When trying to end homelessness, there are so many different programs, services, and organizations vying for funding. There are general best practices on how to approach ending homelessness, but without sufficient funding, organizations have to prioritize how best to tackle the issues they feel they can make a difference on with the limited funding they have.
One result of this limited funding is that rural areas are often neglected. Big cities often have very large, very visible homeless populations, and they accordingly have many organizations and programs to address these folks’ needs. In addition, because of the visibility, many cities are willing to use their own budget to pitch in and help these organizations provide services to help unhoused people get housing or shelter, so that the city is more attractive to tourists and prospective residents.
Small towns and rural areas don’t have the large budgets that major cities do–forcing them to rely only on federal funding, their homeless populations are often less visible, and their more dispersed nature means longer distances between service providers.
This creates service deserts. Adrienne Bush, executive director for the Homeless and Housing Coalition of Kentucky, uses the term Service Desert to describe areas that do not have shelters or housing programs. It’s similar to the idea of food deserts, used to describe areas without access to fresh food or grocery stores.
The Department of Housing and Urban Development reported that of people experiencing homelessness in rural areas, 44% lived unsheltered. Sheltered unhoused people live with friends or family or in supportive housing shelters. Unsheltered people live in cars, parks, on the streets–any place that isn’t designed as housing. Experiencing unsheltered homelessness poses many risks, including:
Without supportive services in rural areas to aid these individuals, they face these barriers alone. Housing is a human right, and those in rural areas deserve equal supportive services to their counterparts in major cities, because supportive services increase self-sufficiency and help end homelessness, both on an individual level and on the grander scale.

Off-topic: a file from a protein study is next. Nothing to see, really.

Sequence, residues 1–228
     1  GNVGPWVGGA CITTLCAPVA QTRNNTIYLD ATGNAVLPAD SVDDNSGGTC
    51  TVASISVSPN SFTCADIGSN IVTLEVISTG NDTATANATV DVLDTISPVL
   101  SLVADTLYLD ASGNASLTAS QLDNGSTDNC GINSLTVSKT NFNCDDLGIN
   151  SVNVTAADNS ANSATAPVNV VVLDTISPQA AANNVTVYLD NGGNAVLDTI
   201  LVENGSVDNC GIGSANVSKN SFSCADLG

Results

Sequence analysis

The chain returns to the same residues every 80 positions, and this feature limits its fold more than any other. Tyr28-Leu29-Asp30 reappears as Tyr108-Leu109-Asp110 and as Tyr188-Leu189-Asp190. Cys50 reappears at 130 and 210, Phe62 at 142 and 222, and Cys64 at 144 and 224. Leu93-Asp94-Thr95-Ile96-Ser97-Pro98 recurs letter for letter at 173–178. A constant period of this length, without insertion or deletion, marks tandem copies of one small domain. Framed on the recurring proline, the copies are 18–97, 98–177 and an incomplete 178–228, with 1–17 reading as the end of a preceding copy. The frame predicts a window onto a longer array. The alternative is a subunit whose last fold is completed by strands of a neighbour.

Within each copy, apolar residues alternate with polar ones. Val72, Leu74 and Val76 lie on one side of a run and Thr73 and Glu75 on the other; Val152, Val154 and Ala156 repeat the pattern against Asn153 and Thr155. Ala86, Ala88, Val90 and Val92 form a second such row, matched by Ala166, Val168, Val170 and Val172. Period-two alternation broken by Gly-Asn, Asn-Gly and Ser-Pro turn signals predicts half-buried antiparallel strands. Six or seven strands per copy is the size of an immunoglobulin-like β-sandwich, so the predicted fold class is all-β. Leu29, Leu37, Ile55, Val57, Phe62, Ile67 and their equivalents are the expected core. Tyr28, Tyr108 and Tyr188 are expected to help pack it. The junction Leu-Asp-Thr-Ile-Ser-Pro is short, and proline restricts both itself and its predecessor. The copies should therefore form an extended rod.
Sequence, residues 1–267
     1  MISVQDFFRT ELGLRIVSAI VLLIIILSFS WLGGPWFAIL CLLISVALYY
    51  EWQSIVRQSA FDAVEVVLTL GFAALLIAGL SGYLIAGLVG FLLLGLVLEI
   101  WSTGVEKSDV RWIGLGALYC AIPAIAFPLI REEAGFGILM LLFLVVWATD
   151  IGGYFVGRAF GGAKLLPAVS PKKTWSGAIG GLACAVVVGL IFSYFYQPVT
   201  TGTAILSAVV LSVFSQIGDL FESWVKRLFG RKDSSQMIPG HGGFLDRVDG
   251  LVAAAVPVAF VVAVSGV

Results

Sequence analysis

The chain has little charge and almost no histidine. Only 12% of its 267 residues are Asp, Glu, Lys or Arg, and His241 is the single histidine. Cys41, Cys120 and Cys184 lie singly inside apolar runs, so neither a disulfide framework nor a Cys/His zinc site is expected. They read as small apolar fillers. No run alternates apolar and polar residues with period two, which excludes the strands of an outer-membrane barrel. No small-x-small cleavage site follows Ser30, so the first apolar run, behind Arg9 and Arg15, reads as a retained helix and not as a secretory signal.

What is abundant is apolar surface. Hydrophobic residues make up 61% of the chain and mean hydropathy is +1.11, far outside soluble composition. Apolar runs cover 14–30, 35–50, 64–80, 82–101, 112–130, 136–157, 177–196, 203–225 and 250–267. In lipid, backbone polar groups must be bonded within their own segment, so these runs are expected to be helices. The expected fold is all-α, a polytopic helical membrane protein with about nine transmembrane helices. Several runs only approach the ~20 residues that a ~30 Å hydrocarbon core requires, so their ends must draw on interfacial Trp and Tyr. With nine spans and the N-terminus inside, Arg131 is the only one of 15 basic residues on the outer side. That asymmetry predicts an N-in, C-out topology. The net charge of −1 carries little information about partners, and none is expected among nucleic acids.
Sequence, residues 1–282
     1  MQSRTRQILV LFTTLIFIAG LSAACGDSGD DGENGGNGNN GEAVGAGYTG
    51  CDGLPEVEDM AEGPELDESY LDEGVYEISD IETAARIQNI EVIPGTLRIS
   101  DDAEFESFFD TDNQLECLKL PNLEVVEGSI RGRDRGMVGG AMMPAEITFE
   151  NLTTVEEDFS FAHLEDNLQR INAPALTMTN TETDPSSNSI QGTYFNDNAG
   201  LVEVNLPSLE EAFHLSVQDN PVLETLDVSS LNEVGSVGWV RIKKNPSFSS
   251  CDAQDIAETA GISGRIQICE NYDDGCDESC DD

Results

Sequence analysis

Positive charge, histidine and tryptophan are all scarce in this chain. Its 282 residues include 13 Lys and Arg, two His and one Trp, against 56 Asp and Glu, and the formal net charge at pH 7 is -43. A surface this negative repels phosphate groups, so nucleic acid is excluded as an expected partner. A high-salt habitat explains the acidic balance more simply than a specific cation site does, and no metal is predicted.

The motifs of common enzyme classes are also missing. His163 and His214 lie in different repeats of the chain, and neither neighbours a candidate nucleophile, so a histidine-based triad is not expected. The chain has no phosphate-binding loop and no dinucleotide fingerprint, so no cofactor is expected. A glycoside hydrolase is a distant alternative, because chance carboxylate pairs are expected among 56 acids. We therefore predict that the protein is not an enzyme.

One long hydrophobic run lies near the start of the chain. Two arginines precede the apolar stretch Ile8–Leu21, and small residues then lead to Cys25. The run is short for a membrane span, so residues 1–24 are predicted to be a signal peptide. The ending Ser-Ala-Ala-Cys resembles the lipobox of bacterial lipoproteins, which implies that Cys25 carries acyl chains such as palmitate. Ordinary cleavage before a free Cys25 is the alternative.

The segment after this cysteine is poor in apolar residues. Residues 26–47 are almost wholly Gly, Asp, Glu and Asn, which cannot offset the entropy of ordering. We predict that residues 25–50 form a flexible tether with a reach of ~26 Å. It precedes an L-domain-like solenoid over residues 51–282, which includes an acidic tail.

Following up on their findings, the Department of Housing and Urban Development is providing up to $54.5 million in aid to rural housing agencies. This money can be used for permanent housing, supportive services, emergency shelter costs, housing repairs, food and clothing, staff and overhead, and more. These uses are more flexible than previous funds, which will allow organizations to use the funding in the way that they know will best serve their clients, as they are the frontline workers with expertise on what their clients need.
That flexibility is a really important sign to organizations like Thrive DC. Over the years, we’ve focused more and more on what our clients are telling us as we create and implement strategies to end homelessness. Our clients are experts in their own lives. They have lived experience, and they know what aid would actually be beneficial. So strategies shift, services change, and with that, we need flexible funding to meet these evolving needs.
This HUD grant for rural service providers opens an opportunity for organizations to better serve rural clients, but it also opens up the door to a future of more flexible funding that meets clients where they are at. Thrive DC looks forward to continuing to serve clients alongside organizations across the country, urban and rural.